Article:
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Dispatch 29: Wrap Up

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Rick Krishfield

October 15, 2010


This last dispatch covers the last few days of the 2010 JOIS cruise beginning on Wednesday when we finished our last science station of the cruise. In celebration, a cruise ending Masquerade party was held in the forward lounge. Food, drink, and good times were had by all, as we rejoiced over completing our work and remorsed over the fact that we would soon be separating from all of our new friends (scientists, officers, and crew). However, oceanographers comprise a small community and we know that many of us we will be seeing each other again – particularly those that already know that they will be on next year's expedition back in the Beaufort Sea.

Thursday was a day spent madly packing away all of the valuable samples, laboratory equipment, and computers until they could be offloaded in November when the Louis returns to Newfoundland. In the meantime, the ship will be primarily based in Iqualuit, where it will be on call for ice breaking escort or rescue missions. The scientists will return home with their data, and begin to analyze to determine what was learned.

Already preliminary analysis of the results has suggested a reversal in some of the trends that we have been observing in this region since this joint collaboration began in 2003. Since then, we have consistently observed an accumulation of freshwater in the Beaufort Gyre consisting primarily of ice melt and river runoff waters. This has coincided with a deepening of the seawater density layers and nutricline. Model studies indicate that this trend may be explained by an anticyclonic (clockwise) atmospherically induced circulation. When this circulation slows or reverses, we have a cyclonic (anticlockwise) circulation regime. This is postulated to release freshwater from the gyre, and a shoaling of the seawater density layers and nutricline. There is evidence from historical records that the Arctic shifts back and forth between circulation regimes in periods on the order of decades. This year is the first year since this program began that we see evidence of a cyclonic shift. Whether it will last, and what effect it will have on the ocean (Arctic and global) and declining sea ice cover is still unknown. But it is an exciting result that we were fortunate to be there to observe and record.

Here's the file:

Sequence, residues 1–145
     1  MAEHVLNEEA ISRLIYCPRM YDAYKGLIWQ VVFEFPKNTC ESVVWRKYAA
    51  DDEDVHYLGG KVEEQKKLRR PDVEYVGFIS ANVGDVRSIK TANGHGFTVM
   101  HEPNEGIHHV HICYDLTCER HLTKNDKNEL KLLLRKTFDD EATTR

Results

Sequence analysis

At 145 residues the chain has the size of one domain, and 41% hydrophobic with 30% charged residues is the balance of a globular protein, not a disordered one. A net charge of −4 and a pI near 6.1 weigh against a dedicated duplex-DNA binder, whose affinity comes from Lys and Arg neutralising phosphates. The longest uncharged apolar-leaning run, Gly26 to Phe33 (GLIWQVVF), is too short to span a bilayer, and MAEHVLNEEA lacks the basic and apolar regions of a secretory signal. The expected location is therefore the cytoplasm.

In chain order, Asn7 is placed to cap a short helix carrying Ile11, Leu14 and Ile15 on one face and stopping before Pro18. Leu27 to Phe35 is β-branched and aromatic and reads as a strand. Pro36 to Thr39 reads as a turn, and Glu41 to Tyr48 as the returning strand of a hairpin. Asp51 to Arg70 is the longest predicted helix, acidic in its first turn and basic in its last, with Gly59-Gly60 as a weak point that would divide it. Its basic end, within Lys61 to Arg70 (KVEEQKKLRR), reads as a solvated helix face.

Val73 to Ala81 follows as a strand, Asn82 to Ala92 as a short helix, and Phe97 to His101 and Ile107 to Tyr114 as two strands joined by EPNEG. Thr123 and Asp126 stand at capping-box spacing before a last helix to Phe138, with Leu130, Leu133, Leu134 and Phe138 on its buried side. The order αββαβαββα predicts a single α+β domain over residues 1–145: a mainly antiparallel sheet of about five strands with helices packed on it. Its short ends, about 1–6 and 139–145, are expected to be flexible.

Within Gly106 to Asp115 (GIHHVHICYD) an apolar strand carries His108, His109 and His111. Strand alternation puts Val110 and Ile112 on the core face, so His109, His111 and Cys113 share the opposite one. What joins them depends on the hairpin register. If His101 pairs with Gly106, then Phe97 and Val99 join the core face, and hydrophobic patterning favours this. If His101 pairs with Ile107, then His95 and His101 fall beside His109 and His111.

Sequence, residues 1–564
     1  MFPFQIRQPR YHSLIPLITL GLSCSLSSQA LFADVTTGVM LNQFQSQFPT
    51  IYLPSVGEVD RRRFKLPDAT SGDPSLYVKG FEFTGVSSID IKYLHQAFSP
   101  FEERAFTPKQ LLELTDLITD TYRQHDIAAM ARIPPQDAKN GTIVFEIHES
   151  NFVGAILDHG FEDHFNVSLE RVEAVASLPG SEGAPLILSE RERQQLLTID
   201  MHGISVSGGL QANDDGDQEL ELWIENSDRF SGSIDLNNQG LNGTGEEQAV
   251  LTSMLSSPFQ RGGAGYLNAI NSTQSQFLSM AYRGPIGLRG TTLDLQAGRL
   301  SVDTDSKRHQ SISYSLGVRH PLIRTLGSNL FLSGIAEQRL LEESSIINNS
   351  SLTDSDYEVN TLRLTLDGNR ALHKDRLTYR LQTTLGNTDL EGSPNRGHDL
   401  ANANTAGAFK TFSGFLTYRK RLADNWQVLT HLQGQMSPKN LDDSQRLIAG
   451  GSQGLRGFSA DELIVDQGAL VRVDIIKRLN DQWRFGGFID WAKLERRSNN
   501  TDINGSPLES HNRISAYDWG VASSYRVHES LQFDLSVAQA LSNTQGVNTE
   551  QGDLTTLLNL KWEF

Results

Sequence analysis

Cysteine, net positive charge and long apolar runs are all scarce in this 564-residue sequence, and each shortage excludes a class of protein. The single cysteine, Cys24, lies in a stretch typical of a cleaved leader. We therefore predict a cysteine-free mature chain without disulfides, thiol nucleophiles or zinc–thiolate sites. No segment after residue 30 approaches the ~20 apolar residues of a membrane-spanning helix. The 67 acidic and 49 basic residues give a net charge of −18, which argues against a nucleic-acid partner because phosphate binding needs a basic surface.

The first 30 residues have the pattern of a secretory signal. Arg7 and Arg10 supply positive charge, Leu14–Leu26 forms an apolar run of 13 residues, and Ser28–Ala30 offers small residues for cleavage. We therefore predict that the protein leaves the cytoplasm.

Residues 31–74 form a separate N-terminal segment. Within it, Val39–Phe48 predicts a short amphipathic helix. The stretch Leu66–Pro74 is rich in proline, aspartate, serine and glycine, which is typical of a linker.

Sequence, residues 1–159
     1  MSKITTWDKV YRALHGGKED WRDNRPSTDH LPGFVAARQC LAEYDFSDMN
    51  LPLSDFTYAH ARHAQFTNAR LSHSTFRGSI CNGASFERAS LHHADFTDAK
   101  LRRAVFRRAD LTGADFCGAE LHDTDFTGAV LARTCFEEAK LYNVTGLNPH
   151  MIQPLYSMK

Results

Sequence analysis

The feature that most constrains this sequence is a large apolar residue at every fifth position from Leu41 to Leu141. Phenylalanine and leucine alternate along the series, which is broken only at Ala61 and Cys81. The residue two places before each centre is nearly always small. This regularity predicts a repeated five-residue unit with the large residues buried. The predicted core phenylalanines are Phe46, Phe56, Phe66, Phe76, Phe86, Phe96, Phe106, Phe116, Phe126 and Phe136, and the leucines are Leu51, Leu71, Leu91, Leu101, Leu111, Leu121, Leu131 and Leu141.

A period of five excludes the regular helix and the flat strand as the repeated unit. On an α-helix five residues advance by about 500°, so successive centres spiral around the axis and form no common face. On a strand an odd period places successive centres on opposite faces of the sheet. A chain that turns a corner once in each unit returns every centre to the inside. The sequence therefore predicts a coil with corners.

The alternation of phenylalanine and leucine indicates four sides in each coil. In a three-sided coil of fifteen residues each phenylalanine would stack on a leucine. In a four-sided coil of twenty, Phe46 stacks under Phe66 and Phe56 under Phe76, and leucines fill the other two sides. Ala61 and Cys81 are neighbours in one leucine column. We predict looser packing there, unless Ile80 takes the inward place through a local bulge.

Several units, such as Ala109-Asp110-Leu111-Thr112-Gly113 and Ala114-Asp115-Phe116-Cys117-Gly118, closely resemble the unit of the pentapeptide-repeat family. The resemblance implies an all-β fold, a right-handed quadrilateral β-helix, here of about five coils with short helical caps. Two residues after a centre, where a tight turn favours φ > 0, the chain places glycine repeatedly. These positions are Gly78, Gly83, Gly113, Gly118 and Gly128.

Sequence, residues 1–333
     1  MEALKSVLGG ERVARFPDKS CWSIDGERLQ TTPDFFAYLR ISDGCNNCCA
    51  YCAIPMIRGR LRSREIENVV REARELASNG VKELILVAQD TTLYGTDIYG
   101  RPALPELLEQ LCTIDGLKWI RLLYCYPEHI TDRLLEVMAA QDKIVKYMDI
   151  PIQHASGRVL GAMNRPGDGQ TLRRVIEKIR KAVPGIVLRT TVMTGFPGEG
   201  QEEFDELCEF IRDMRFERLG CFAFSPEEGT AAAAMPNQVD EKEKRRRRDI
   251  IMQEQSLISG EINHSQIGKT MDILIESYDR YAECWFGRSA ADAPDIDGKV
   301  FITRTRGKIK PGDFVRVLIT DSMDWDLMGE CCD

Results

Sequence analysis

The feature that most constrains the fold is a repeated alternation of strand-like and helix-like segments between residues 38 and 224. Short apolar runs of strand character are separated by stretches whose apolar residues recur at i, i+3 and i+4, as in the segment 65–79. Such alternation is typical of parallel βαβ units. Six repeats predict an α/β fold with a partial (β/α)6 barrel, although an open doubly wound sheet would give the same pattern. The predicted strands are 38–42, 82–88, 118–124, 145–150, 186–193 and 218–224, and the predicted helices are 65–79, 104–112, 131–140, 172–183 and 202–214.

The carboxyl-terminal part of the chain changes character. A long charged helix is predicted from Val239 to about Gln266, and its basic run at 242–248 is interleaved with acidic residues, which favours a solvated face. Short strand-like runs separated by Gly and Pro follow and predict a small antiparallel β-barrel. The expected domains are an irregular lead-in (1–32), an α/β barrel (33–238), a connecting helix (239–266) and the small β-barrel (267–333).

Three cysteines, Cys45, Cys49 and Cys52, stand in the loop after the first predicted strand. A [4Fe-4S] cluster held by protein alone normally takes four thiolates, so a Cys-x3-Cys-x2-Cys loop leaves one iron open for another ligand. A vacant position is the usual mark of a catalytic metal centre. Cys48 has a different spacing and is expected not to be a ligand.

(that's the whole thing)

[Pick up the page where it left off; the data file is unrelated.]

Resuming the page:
Friday, we awaken anchored offshore of Kugluktuk which is overcast and covered by light snow. Goodbyes all around, and we are flown ashore on the helicopter to the airport. First stop Yellowknife, then Edmonton, and from there the scientists will split off in many different directions for home. See you next year!


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